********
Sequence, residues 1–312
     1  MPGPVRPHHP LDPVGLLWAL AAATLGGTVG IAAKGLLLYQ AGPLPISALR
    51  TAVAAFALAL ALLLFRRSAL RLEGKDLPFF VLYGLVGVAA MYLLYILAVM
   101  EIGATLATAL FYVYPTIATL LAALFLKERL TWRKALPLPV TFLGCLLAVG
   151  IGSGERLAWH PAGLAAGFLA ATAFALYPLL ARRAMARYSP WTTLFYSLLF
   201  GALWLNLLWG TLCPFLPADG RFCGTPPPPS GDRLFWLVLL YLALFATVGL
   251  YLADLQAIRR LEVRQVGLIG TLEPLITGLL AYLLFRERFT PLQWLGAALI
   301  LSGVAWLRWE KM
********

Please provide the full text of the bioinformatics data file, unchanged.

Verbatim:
Sequence, residues 1–312
     1  MPGPVRPHHP LDPVGLLWAL AAATLGGTVG IAAKGLLLYQ AGPLPISALR
    51  TAVAAFALAL ALLLFRRSAL RLEGKDLPFF VLYGLVGVAA MYLLYILAVM
   101  EIGATLATAL FYVYPTIATL LAALFLKERL TWRKALPLPV TFLGCLLAVG
   151  IGSGERLAWH PAGLAAGFLA ATAFALYPLL ARRAMARYSP WTTLFYSLLF
   201  GALWLNLLWG TLCPFLPADG RFCGTPPPPS GDRLFWLVLL YLALFATVGL
   251  YLADLQAIRR LEVRQVGLIG TLEPLITGLL AYLLFRERFT PLQWLGAALI
   301  LSGVAWLRWE KM